Monday, February 06, 2006

Digital v Analogue #3: Why I love iTunes


In 1989 I purchased my first CD player to supplement the amp, tuner and cassette deck that comprised my design studio’s sound system. I also bought my first CD, a copy of Bob Dylan’s Oh Mercy. Month by month I added more shiny discs to my collection. At first I stored the CDs thematically. However, once the collection grew to more than 300, this became impossible to maintain, and so I adopted the conventional (male?) ‘alphabetical, by artist’ approach (with ‘Now That’s What I Call A Great Marketing Idea’-type albums in a separate section). As time went by, I got a CD player at home as well, and some of the CDs began to migrate there, also stored alphabetically.

Fast-forward to 2006. I now possess over 3,000 CDs. A third of them are housed in my Slough-based design studio. Another third are stored in various locations in my house. The other third are with various family and friends I’ve loaned them to over the past 20 years (deep sigh...).

B.I. (Before iTunes) if I wanted to listen to a particular song, I would have to:

a. Remember who performed the song;
b. Remember what the song was called;
c. Remember if the song was on a CD by that artist, or;
d. Whether it was on a compilation CD (and if so, which one!);
e. Remember where the CD was (studio, home, on-loan, car…).

Aarghhhh!

However, now that all the songs I possess and enjoy are situated on my PowerBook, when I think of a song I want to listen to I merely type a few letters into the search bar of iTunes and ‘Hurrah!’, there it is (along with a number of other, easily distinguishable tracks containing the same key words).

No more worrying whether the track is by Kevin Prosch, or the Black Peppercorns, or if it is on the CD he did with Bryn Haworth. No more struggling to remember what that song is called on Blonde on Blonde with the great ‘everybody must get stoned’ refrain at the end of each verse, just type in ‘blonde’ and ‘dylan’, view the 12 tracks, and then, if necessary, play a few bars from each.

Of course, if you’re anything like me (pause for long silence, followed by skyward stares and tuneless whistling), you also type ‘everybody must get stoned’ into the ‘comments’ field of the track, making it even easier to find! (The track is ‘Rainy Day Woman #12 & 35’, but then, you’ve probably already looked it up on Google :-).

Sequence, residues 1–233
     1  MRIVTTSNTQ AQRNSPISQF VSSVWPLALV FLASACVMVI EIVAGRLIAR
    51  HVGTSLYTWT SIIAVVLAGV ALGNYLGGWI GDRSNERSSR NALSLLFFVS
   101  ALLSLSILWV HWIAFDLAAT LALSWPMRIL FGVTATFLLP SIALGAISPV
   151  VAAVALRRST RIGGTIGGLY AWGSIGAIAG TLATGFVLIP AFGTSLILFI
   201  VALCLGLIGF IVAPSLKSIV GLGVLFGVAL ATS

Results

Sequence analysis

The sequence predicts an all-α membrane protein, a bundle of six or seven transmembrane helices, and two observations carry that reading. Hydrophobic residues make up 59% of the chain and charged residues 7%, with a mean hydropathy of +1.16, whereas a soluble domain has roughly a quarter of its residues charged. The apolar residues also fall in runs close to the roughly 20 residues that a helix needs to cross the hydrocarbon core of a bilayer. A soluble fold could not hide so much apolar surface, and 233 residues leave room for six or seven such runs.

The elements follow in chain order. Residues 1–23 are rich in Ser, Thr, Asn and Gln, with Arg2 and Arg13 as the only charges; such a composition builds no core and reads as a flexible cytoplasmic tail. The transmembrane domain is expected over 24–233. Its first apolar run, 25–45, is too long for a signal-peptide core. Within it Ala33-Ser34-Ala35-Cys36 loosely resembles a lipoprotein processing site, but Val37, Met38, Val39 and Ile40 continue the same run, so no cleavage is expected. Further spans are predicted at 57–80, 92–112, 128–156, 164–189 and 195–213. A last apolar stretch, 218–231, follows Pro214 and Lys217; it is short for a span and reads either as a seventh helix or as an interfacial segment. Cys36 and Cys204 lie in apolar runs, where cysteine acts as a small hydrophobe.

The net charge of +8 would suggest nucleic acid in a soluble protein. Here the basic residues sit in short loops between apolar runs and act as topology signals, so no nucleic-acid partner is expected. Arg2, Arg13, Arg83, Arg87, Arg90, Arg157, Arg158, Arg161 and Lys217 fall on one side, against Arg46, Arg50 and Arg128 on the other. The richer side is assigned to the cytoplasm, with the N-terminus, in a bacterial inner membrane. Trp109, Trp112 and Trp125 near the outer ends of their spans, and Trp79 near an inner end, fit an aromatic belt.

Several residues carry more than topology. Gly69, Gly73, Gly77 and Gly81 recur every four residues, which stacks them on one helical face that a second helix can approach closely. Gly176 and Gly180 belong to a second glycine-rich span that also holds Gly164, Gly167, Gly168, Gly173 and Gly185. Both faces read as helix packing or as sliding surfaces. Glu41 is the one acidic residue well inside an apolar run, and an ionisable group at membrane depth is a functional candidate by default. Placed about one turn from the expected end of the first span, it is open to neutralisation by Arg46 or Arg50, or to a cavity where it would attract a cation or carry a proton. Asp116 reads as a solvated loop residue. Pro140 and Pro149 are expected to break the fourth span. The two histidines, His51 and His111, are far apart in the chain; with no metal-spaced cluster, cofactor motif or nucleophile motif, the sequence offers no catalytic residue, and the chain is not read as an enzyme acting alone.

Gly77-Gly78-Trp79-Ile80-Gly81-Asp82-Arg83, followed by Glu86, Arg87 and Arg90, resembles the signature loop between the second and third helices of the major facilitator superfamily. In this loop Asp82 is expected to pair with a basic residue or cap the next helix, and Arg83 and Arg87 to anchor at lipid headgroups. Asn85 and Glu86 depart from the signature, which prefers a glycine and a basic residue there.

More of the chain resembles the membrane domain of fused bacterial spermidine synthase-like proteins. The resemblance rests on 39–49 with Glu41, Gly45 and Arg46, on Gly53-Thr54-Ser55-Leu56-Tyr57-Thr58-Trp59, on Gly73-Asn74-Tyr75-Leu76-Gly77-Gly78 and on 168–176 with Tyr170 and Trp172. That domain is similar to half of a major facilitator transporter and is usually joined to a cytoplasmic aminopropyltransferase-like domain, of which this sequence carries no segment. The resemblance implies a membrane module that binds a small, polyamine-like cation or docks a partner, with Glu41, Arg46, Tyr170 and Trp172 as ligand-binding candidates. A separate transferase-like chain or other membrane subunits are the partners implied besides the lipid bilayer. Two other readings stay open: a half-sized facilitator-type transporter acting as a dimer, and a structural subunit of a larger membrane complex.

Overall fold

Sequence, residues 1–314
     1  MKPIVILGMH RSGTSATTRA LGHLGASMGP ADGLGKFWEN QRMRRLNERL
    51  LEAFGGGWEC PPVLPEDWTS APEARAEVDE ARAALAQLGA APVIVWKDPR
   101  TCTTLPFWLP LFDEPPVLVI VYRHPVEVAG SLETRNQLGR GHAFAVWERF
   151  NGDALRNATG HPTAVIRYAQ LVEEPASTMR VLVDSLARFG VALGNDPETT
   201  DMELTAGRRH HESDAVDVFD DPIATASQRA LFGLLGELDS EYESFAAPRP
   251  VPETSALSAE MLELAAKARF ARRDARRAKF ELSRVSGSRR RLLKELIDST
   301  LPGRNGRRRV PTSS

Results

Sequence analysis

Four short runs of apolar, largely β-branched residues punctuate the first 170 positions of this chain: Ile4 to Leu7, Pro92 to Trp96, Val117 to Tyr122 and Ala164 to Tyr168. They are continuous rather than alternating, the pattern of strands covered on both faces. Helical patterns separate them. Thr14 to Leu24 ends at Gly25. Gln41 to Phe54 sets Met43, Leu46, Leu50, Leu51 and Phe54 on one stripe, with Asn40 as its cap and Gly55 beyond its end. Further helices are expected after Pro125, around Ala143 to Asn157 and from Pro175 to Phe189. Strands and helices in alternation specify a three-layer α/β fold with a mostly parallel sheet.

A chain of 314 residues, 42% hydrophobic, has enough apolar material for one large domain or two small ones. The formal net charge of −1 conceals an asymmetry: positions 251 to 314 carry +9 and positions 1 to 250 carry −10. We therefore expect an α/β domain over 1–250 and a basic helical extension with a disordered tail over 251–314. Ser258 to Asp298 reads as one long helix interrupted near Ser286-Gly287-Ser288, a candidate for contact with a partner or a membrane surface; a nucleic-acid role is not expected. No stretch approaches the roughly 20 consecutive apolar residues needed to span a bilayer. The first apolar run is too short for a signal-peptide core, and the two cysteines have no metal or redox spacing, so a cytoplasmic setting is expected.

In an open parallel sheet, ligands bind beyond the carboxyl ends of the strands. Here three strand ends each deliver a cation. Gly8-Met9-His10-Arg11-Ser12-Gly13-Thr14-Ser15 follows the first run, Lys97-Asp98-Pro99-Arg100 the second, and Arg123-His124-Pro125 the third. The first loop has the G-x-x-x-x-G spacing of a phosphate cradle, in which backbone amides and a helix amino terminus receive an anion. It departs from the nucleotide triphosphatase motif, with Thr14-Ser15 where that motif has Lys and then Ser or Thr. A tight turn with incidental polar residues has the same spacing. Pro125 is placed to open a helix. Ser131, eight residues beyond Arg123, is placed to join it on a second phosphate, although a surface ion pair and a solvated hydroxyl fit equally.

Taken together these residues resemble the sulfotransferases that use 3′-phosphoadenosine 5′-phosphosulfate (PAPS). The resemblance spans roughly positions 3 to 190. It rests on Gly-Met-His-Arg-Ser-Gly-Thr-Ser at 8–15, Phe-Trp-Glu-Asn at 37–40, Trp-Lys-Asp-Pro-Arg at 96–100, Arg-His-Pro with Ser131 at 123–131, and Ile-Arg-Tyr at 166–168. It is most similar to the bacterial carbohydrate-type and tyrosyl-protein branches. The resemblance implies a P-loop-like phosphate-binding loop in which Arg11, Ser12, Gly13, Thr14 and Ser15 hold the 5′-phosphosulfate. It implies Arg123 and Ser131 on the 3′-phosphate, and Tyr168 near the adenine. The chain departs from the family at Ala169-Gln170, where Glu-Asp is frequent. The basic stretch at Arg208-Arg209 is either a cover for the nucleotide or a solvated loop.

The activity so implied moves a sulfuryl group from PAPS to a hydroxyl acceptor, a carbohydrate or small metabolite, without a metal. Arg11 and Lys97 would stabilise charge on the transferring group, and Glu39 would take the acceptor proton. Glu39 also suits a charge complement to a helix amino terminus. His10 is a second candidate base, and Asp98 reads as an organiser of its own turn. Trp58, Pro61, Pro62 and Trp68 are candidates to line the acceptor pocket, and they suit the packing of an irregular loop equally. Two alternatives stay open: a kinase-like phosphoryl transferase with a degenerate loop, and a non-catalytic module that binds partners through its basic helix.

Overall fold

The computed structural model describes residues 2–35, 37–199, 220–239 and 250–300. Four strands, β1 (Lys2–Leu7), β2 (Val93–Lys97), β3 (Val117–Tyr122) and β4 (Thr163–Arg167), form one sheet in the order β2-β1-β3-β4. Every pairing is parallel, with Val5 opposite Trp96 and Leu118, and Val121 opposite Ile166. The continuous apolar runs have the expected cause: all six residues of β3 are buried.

Now, I could get even more boring on this subject (no, really, I could!). How I make ‘smart playlists’ to make sure I don’t have to listen to the same song twice in any given month, to filter tracks that might be embarrassing in certain situations, or... OK, I’ll stop now, while I’m behind.

What I do know is that iTunes allows me access to music in ways that were previously impossible. I don’t forget to put the CD back in its case, or put it in the wrong one. I’m not constrained to one method of storage or selection. And I can carry my entire collection around with me wherever I go.

But it's not perfect. The ghost of analogue is never far away, and never more so than with this kind of stuff. And we'll be looking at that in the next DvA article.
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4 comments:

ConradGempf said...

For those times when you think "I want to hear a song," yeah. Is that primarily how you think of your music collection, though? A vast collection of songs? Is that how you want to think of your collection?

A CD collection arranged alphabetically encourages you to think not "I want to hear that song" but rather "I want to listen to that artist" and you put them on and a few songs will surprise you "Oh, I forgot that was on there."

A CD collection stored by genre encourages you to think differently as well.

And don't you miss looking at the rack without a clear idea of what to play and feeling like some CD is calling for your attention? Your subconscious has fashioned a link between the music and the experience of looking at the cover such that looking at the bank of covers is browsing experiences as well.

Much of this can be simulated with cover art and smart playlists, but not taking in the vista of a couple of shelves of CDs at once and thinking "Which of these do I feel like hearing next?" And if your collection includes classical works, well, smart playlists still can't seem to handle symphonies as units made up of sub-units.

And I miss the days when I'd look forward to a new Cockburn album coming out, thinking "It'll be good to hear what he's been up to lately." It was like catching up with an old friend. I don't seem to have that same relationship with musicians now, for a variety of reasons. One of them is that now iTunes and eMusic are teaching me to evaluate each individual hermetically Song Unit and decide "Do I want this one? This one? This one?"

brett jordan said...

OK Conrad, just SPOIL my next article why don't you!

Major Look said...

Conrad - Surely you could just browse by Genre, Artist or Album by using the Browse button at the top right hand side in iTunes and have a similar experience?

Also, the more Genres you have the greater the surprise :-)


But I know what you mean.

Can Opener Boy said...

Hi Brett,

I liked your article. I remember the hours and hours of putting CDs into my iMac.

And now, with my iPod, I can't fit all the music I have (it is *only* 20GB -- I think my first computer had a 40Mb hard drive and that seemed HUGE!).

While I love digitized music, I also still really like the analogue sound (even with the scratches and hisses and pops) of playing "records" on a turntable.

So I also sympathize with some of Conrad's rhetorical questions.

On a related subject, I think there will always be books because not everyone will derive the same pleasure from reading a pdf as from dog-earing a page or curling up on a couch with a cat and a good volume of Stephen King!

~ Keith

 
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